In Rocco Schiavone season 2, on Walter Presents, our love for the beleaguered detective only grows. Season 1 ended with a dramatic crime, and the second season opens with Rocco (Marco Giallini) on the hot seat. Through his deposition, we learn what happened to his wife Marina (Isabella Ragonese) back in Rome. We see a lot more of Rocco’s crooked cronies this season, in flashbacks and present day, as Rocco travels to Rome several times to clean up some loose ends. Meanwhile, crime in Aosta doesn’t stop. The case of the murdered transvestite prostitute is particularly frustrating for the team. Last season, Rocco adopted stray dog Lupa. In season 2, he takes in a young neighbor, Gabriele (Carlo Ponti di Sant’Angelo), whose mother is always “away”.
Rocco in Rome
A great thing about Rocco Schiavone season 2 is that we get to know Rocco as he was in Rome. He has an easy, if ribbing, rapport with his colleagues there, whom he clearly respects. The scenes between Rocco and his best friends, small time crooks Sebastiano (Francesco Acquaroli), Furio (Mirko Frezza) and Brizio (Tullio Sorrentino), feel genuine, as they are peppered with the BSing that real friends do. When Sebastiano disappears, seeking revenge on a dangerous criminal, Rocco risks his job to sneak off with the gang to find him.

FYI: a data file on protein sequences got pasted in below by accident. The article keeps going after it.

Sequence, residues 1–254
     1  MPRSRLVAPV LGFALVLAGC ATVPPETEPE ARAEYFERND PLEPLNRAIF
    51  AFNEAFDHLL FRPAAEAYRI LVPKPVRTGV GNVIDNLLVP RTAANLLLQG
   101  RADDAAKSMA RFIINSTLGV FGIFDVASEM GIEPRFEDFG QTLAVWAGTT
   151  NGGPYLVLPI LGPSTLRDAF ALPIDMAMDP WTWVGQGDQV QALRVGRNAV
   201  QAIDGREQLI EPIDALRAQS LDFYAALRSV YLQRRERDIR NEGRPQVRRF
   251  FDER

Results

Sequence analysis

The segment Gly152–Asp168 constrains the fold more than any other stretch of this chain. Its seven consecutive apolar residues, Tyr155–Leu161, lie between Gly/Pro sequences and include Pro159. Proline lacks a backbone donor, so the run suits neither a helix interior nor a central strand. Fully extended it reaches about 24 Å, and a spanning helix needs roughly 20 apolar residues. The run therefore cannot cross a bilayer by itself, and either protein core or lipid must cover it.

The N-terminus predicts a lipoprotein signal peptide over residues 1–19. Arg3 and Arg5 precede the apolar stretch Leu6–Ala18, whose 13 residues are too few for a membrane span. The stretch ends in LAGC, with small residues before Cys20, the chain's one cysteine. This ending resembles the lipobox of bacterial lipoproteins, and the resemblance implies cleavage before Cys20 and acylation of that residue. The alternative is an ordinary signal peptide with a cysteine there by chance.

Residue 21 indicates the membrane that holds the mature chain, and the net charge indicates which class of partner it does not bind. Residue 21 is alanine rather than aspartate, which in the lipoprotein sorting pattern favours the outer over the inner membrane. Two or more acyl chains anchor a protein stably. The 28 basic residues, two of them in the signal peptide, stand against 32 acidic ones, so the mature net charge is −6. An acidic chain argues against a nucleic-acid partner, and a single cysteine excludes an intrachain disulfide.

Rocco in Aosta
In Rocco Schiavone season 2, Rocco’s “pain-in-the-ass” chart, now posted on the Aosta police station wall, continues to grow. While his relationship with his team has gotten a bit better, he still has a lot to teach them. Italo (Ernesto D’Argenio) still barfs every time he sees a dead body, D’Intino (Christian Ginepro) and Deruta (Massimiliano Caprara) are still morons, and Rispoli (Claudia Vismara) clearly has something bothering her that is distracting her from the job. Meanwhile, Rocco is settling in to Aosta. He’s taken in stray dog Lupa, and his young neighbor, Gabriele, has become a fixture at Rocco’s, staying over when his mother is (always) away.
Our Take on Rocco Schiavone Season 2
While there are moments of hilarity, Season 2 of Rocco Schiavone is really about a man edging toward an identity crisis. When things go sideways with Sebastiano, Rocco’s friends force him to see that he has a choice to make. Is he a cop or a crook? The show is still episodic, with each case covering 2 episodes, but the focus on Rocco’s story is growing. The tension between humor and pathos is fantastic in Rocco Schiavone, and season 2 does not disappoint.
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